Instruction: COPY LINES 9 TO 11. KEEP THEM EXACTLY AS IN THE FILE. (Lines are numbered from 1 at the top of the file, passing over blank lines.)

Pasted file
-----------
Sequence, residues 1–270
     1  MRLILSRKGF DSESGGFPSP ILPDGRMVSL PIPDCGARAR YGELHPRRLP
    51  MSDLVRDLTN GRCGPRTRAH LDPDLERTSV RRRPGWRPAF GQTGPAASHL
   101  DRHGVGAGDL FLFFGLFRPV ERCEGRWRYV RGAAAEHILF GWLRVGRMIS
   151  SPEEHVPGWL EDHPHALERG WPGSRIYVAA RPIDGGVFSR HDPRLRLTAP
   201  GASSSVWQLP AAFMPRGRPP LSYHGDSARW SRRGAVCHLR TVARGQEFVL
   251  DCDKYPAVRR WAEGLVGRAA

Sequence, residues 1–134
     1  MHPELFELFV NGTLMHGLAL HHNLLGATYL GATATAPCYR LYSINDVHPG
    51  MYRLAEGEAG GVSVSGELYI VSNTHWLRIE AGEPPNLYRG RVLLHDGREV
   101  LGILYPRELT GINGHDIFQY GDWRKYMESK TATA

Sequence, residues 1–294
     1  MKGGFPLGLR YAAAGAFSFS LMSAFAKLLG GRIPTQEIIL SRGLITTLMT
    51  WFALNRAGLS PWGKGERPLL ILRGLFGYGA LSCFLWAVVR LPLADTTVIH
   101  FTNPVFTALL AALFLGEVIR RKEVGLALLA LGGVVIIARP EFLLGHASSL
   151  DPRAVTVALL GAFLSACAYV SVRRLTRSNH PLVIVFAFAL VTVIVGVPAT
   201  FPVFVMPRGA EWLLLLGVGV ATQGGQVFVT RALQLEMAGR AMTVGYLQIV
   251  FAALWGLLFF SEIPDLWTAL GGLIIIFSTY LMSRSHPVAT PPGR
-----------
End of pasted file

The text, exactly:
     1  MHPELFELFV NGTLMHGLAL HHNLLGATYL GATATAPCYR LYSINDVHPG
    51  MYRLAEGEAG GVSVSGELYI VSNTHWLRIE AGEPPNLYRG RVLLHDGREV
   101  LGILYPRELT GINGHDIFQY GDWRKYMESK TATA